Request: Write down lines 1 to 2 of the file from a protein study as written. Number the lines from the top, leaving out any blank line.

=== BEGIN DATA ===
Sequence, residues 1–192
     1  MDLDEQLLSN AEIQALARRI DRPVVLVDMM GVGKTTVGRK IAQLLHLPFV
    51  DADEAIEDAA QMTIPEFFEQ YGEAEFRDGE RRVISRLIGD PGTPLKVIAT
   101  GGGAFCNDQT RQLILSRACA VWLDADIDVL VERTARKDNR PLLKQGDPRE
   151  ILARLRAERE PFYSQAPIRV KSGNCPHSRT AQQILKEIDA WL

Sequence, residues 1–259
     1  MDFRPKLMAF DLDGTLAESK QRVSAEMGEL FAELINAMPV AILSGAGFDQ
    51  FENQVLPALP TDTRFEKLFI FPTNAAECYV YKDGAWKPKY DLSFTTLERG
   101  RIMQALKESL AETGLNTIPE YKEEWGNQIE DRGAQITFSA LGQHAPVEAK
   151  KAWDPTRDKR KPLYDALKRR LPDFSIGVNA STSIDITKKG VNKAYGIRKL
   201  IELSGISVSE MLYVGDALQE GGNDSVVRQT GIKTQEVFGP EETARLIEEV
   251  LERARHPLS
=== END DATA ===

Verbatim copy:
Sequence, residues 1–192
     1  MDLDEQLLSN AEIQALARRI DRPVVLVDMM GVGKTTVGRK IAQLLHLPFV